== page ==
Summer sea ice below 5.0 mkm2 were not expected to occur until about 2050, according to 2005/2006 sea ice models and polar bear specialists at the US Geological Survey (USGS). Polar bear survival models predicted 2/3 of the world’s polar bears would disappear when ice levels reached this threshold for 8 out of 10 years (Amstrup et al. 2007, 2008; Hunter 2007) but polar bears have been more resilientthan expected (Crockford 2017, 2018; Crockford…

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Hambach surface mine, Germany [image credit: Wikipedia]


To be more realistic, delete ‘struggles’ and insert ‘fails totally’. The bottom line is that part-time unpredictable electricity supplies are of strictly limited use to modern industrial economies dependent on continuous and adequate – preferably affordable – power for their survival and prosperity. Granted, lignite is not a great choice of fuel but something has to be used to keep the show on the road 24/7.

Coal showdown reflects government’s floundering shift to renewable power, says The Global Warming Policy Forum (GWPF).

Not far from Germany’s Rhine River, a fight to thwart giant excavators from grinding away what’s left of the 1,200-year-old Hambach forest came to a head this month as thousands of protesters faced off with police in a tense, and at times violent, showdown.

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Three jailed over Cuadrilla fracking protest 

Posted: September 27, 2018 by oldbrew in fracking, Legal, News
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A reminder that exceeding the permitted limits of protesting can have negative consequences for the protesters themselves as well.

Three protesters have been jailed for a causing a public nuisance after they climbed on to lorries outside a fracking site, reports Energy Voice.

The disruption at energy firm Cuadrilla’s base in Preston New Road in Little Plumpton, Lancashire, in July 2017 lasted just short of 100 hours as the campaigners refused to come down.

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clexit-banner

Growing Pressure for Clexit – (even from France)
And it’s Time to Defund all UN Climate bodies
Viv Forbes 25 September 2018 

President Trump has extinguished all hopes that USA will join the Paris Climate Agreement. Since then, other countries are heading towards the Climate Exit. An increasing number of prominent people are joining the campaign to counter the falsehood that man-made CO2 emissions drive global climates, and to expose the threat that UN agencies will take control of every aspect of our lives. The list of dissidents includes:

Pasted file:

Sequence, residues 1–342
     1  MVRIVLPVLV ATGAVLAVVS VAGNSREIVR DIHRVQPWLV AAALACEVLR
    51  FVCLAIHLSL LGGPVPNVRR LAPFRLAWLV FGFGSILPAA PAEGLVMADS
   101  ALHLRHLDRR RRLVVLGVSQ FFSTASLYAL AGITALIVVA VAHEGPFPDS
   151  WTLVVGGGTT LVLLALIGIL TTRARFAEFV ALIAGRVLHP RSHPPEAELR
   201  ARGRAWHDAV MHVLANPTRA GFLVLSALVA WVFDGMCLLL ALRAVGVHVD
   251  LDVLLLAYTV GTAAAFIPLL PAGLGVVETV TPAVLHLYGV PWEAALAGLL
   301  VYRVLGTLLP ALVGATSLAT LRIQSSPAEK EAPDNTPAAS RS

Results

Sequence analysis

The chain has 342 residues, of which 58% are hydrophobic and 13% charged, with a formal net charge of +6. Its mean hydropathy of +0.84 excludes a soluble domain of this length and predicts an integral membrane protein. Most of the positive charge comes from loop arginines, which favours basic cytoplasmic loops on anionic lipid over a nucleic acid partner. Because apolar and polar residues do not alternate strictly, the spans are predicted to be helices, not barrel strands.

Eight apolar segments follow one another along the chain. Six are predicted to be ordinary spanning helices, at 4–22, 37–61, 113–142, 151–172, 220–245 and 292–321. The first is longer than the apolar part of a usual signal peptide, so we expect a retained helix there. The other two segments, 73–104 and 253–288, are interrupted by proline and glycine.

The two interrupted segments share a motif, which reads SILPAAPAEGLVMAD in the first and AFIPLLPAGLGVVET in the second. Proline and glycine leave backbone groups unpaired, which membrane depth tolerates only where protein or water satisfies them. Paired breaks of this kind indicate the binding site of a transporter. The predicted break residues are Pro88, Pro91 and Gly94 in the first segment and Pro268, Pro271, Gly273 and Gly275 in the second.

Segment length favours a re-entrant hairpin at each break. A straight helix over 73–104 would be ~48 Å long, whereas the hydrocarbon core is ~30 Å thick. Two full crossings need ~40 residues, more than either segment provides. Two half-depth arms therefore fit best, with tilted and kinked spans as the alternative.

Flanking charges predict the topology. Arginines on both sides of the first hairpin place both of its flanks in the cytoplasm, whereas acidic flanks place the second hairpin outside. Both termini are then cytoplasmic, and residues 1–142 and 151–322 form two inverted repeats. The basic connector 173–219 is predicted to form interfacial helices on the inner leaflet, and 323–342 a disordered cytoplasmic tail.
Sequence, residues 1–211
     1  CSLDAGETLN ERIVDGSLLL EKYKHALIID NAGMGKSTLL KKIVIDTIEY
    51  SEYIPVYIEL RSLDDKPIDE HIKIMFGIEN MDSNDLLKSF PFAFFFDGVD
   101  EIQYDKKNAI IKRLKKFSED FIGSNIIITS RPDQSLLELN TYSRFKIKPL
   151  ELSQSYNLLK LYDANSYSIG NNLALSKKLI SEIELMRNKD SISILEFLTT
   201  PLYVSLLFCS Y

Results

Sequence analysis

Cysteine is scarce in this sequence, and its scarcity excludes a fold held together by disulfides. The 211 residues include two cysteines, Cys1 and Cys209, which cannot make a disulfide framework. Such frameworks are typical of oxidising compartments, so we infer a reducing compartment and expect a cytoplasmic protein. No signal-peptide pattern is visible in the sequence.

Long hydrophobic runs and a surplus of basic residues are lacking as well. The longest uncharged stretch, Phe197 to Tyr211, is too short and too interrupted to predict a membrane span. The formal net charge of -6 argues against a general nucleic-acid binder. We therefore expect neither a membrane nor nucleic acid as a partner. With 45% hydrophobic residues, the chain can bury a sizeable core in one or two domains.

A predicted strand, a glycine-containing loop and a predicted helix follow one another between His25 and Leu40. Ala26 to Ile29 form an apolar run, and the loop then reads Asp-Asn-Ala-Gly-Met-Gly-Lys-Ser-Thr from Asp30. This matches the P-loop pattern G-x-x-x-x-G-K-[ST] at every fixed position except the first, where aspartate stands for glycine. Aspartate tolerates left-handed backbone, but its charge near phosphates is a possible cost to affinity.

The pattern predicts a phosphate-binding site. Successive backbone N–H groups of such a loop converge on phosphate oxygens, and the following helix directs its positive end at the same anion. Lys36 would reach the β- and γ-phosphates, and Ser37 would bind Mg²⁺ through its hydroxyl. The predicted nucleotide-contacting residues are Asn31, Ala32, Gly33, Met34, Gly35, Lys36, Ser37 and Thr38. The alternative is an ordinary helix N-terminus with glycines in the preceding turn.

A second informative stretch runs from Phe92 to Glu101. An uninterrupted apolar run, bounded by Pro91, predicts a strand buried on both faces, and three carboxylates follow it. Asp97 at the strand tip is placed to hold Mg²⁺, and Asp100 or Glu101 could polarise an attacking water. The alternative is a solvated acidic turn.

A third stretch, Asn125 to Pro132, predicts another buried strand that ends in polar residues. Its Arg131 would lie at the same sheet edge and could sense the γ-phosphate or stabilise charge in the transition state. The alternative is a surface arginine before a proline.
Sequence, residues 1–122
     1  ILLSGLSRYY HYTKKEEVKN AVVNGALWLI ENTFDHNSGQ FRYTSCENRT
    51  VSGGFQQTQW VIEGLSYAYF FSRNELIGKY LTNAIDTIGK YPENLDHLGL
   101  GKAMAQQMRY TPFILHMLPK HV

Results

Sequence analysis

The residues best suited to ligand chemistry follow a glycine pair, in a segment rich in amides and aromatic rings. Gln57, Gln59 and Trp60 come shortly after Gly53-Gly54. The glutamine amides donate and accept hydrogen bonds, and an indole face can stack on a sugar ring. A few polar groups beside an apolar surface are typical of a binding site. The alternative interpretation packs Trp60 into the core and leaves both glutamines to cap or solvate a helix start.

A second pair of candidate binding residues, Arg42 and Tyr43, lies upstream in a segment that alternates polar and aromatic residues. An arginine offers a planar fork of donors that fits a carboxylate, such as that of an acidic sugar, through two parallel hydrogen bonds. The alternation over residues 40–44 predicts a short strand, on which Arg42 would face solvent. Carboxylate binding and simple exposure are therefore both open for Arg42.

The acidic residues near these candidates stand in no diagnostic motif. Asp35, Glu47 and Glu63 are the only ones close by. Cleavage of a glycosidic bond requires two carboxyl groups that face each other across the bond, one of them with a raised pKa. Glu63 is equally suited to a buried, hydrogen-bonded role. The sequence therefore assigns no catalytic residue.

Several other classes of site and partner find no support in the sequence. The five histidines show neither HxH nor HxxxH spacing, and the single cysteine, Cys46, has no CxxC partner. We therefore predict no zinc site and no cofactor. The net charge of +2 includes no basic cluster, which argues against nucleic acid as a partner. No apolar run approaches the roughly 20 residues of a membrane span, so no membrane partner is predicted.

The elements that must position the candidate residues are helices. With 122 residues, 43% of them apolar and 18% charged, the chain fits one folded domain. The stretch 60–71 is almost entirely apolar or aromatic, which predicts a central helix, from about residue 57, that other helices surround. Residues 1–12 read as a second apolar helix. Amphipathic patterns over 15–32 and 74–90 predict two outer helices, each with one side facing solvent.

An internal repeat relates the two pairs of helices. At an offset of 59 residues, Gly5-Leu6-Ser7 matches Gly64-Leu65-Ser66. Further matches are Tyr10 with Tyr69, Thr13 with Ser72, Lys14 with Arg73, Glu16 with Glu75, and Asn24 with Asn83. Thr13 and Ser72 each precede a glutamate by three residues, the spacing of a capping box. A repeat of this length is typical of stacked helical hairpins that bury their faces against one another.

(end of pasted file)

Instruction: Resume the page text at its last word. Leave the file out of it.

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corbyn-green-jobs

In Spain, every ‘green job’ created led to the loss of 2.2 others in the real economy.

Meanwhile one of Jeremy Corbyn’s MPs, Laura Smith, the Labour MP for Crewe and Nantwich, has called for a general strike to help bring down the Conservative government – if there isn’t a general election.

She spoke at The World Transformed festival, which is running alongside the Labour Party conference in Liverpool.

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Earth and climate – an ongoing controversy


‘Move along please, nothing to see here, science is settled’. Is that the BBC’s climate reporting policy? Does controversy have to be swept under the carpet, for fear of upsetting the ‘greenblob’? What happened to their charter duty of impartiality?

H/T The GWPF

In order to avoid giving ‘false balance’ to the climate alarmists at the BBC, I thought it would be a good idea to fact-check their new internal guidance on climate change, writes Harry Wilkinson.

This is their totalitarian memorandum aimed at stamping out free scientific discourse, on the basis that certain facts are established beyond dispute.

The problem is that these ones aren’t, and the BBC is guilty of repeatedly failing to describe accurately the nuances of climate science and the degree to which certain claims are disputed.

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Saharan dust storm [image credit: BBC]


The researchers report that ‘Titan displays particularly energetic meteorology at equinox in equatorial regions’. Associated strong winds ‘are expected to occur in downbursts during rare equinoctial methane storms—consistent with the timing of the observed brightenings’. On Earth, auroral activity is strongest at the equinoxes, so solar wind strength could be a factor in both phenomena.

Data from NASA’s Cassini spacecraft has revealed what appear to be giant dust storms in equatorial regions of Saturn’s moon Titan, reports Phys.org.

The discovery, described in a paper published on Sept. 24 in Nature Geoscience, makes Titan the third Solar System body, in addition to Earth and Mars, where dust storms have been observed.

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Did the BBC just say in this report: ‘if the recent warming is unusual’? Whether tree ring analysis can improve predictions, as suggested, is an interesting question but open to debate.

The “longest, continuous tree ring-based diary” is being created by scientists at the University of Cambridge to help map climate change, reports BBC News.